Minneapolis artist sings her family’s immigration history

A person poses for a photo.
Sarah Larsson’s new ensemble Red Thread has released a debut album “Immigrantke” that combines traditional and original music in four languages, exploring stories of immigration.
Courtesy of Michelle Bennett from Wolfskull Creative

Minneapolis folk singer Sarah Larsson is having a big month. Earlier in February, she was one of six artists commissioned by the Cedar Cultural Center to perform new work, and she set Yiddish poems to music.

Now she’s releasing a new album that combines traditional and original music in four languages, exploring stories of immigration.

Larsson grew up hearing stories of how her family immigrated to America. Those stories shaped her, especially one about her namesake: her great-grandmother Sadie, who came from Poland as a teen in the place of a relative who was too sick to make passage. 

“My great grandma traveled on someone else’s papers,” says Larsson. “Sadie and her sister Rose or Reyzl, were around the same age. And [Sadie] went on this ticket and her sister stayed behind. They exchanged letters for years and years and years. And we have those letters. And ultimately, Reyzl was killed in the Holocaust. So Sadie’s last letter to her comes back, ‘Return to Sender.’” 

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Larsson says she’s always tried to picture that conversation between the sisters. Who would go? Who would stay?

Echoes of that tale of sisters separated are in a traditional song from southern Serbia called “Što Morava Mutna Teče.” It’s one of the songs Larsson and her new folk ensemble Red Thread perform on their debut album “Immigrantke.” In the song, one sister drowns, and we hear two women’s voices come together in sweet harmony before one voice fades away, leaving the other solo.

This election year, immigration conversations loom large as people debate old questions: Who should be allowed to come to the U.S.? From where? Why? And how many?  

100 years ago, in 1924, the U.S. Immigration Act’s answer to these questions was to drop the flow of immigration down to a trickle, severely reducing overall arrivals and barring immigration from much of Asia. Also barred were people from southern and eastern Europe, including Larson’s Polish relatives.  

Album cover art for "Immigrantke" by Red Thread
"Immigrantke" by Red Thread.
Album illustration by Sarah Hedlund

Larsson had that history in mind when working on "Immigrantke,” whose songs answer exclusion with inclusion by bringing together Yiddish, Serbian and English as well as tunes from Russia and Ireland.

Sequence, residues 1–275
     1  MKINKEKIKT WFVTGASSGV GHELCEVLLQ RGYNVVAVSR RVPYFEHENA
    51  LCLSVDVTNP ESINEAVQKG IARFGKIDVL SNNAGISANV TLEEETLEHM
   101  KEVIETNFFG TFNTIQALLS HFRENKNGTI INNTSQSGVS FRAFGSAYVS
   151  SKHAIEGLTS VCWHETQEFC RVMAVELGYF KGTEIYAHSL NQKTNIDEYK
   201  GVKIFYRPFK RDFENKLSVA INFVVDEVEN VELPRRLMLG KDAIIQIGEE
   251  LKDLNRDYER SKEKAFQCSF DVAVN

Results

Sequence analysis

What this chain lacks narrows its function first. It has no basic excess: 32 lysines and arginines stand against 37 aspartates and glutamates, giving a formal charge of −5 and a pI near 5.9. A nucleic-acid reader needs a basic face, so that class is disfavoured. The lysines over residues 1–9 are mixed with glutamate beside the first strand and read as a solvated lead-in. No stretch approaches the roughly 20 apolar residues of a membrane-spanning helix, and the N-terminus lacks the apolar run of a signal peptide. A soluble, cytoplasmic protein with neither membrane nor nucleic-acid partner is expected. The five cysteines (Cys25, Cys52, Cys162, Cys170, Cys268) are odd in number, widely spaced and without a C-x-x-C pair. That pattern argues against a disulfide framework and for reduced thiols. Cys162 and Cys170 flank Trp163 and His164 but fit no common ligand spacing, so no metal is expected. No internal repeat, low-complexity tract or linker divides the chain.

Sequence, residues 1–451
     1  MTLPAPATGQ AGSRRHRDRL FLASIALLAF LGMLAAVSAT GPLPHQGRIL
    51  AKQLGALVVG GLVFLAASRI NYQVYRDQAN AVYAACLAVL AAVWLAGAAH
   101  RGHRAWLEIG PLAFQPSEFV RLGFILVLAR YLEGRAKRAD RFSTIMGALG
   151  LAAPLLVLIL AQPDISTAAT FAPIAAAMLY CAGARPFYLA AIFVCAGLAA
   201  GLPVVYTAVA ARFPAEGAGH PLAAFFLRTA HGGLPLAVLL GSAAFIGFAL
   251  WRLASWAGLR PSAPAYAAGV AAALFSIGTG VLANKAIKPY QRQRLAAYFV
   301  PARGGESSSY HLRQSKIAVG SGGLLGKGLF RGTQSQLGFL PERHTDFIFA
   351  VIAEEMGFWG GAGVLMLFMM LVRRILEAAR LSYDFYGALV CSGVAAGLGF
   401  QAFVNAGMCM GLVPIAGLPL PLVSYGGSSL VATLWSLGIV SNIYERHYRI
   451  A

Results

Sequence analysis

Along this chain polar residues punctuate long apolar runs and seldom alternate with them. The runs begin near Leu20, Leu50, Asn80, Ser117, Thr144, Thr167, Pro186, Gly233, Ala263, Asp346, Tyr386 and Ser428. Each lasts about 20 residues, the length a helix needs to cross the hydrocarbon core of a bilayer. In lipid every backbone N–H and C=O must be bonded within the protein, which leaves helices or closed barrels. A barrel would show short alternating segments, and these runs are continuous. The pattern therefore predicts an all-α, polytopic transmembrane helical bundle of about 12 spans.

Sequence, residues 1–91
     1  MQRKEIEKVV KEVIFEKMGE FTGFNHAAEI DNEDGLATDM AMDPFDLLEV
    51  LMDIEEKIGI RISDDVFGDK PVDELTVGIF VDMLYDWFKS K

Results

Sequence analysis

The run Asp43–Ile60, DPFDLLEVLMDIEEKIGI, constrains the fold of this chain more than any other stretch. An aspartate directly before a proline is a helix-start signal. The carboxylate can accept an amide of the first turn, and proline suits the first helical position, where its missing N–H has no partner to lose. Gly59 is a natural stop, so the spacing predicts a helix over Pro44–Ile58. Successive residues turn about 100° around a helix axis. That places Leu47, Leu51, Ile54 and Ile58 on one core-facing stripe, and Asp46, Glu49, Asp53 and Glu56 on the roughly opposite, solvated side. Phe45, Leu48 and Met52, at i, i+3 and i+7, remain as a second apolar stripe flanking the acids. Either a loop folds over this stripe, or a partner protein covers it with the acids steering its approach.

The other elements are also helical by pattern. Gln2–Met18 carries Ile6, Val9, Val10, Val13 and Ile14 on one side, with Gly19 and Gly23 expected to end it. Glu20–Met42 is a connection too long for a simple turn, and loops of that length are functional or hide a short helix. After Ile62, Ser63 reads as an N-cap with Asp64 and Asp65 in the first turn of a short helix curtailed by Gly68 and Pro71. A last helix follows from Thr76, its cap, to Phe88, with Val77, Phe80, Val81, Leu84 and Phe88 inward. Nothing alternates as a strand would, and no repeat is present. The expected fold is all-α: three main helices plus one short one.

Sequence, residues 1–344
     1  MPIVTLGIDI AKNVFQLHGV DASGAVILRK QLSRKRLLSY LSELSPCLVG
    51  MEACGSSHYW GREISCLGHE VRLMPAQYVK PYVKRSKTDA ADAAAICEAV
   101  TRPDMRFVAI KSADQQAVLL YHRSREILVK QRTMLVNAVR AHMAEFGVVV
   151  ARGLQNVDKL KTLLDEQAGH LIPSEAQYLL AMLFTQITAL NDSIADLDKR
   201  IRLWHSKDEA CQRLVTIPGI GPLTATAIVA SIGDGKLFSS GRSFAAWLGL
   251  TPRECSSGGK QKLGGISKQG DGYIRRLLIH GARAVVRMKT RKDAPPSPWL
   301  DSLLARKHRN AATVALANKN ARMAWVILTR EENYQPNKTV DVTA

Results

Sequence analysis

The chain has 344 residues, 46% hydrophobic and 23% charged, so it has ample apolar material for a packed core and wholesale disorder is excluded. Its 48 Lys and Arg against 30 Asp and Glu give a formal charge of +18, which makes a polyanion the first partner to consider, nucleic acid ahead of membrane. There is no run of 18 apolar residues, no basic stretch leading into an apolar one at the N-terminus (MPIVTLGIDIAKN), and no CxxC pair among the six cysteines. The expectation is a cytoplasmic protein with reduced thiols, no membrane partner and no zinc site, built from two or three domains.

She’s been studying and performing the folk singing traditions of her Jewish and Eastern European heritages for years. But this album includes original music, too. The challenge, Larsson said, was permitting herself to do so. 

“I think part of that came from feeling like I didn’t have enough of the qualifications or prereqs. You know, I didn’t grow up speaking any of these languages,” says Larsson.

She started learning Yiddish as an adult, during the pandemic. She worried: What if her pronunciation was off, or she didn’t have enough context for a certain song?

“We all need to kind of turn off those voices that are telling people that they’re not enough. Because all of us who participate in these communities of folk art and folk music, we want more people to be connected and be part of it. So even though I’m committed to that, as a community member and community organizer, I still had to come around to feeling comfortable enough on my own.”

One song Larsson wrote, “Sailor’s Lullaby,” picks up an age-old theme: yearning to be reunited with a loved one across the ocean. That was inspired by her years-long intercontinental relationship with her now-husband, who is from Brazil. With this song and others, Larsson is keeping traditional music alive, because traditions stay alive when everyone contributes to them.

"Immigrantke” debuts Feb. 23. Larson will performing this music on tours ofthe West Coast and Brazil for the rest of February and March.

Red Thread plans to have an album release celebration in the Twin Cities in May, with performances in Greater Minnesota during the summer and fall. 

This activity is made possible in part by the Minnesota Legacy Amendment’s Arts & Cultural Heritage Fund.